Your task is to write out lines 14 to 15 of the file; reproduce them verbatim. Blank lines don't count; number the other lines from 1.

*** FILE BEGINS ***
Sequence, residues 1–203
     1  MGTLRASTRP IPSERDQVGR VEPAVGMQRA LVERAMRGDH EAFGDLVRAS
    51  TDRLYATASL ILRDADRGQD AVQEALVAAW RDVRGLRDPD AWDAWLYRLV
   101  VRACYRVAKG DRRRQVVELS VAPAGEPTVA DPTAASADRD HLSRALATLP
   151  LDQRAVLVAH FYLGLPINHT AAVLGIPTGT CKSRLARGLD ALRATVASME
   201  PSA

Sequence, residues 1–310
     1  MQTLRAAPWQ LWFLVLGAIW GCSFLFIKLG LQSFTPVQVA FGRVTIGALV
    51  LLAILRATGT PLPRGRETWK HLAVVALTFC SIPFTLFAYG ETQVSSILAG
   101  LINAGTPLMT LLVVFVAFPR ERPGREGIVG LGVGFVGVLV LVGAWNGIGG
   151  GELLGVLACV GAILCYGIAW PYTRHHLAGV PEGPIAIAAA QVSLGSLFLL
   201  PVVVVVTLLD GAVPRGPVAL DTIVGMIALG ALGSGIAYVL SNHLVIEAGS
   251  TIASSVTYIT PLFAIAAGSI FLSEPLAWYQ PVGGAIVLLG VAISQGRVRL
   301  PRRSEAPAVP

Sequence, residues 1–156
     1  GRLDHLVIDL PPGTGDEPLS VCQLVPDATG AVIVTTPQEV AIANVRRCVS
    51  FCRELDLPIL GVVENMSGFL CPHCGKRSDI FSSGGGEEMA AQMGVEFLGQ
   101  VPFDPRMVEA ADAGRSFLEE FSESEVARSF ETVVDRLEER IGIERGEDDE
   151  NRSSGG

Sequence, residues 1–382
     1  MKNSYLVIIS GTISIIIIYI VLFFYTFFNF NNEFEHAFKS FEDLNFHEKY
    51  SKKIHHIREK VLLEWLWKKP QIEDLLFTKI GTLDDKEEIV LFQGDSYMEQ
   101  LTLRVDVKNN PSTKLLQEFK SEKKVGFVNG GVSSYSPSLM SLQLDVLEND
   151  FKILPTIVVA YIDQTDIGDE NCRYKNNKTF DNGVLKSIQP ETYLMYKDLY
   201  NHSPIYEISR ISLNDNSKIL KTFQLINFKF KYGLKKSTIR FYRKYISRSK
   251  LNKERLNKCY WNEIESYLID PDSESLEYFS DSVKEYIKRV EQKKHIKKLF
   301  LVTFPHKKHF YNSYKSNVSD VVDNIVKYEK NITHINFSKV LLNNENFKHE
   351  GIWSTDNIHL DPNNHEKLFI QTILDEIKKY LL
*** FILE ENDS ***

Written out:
   301  PRRSEAPAVP

Sequence, residues 1–156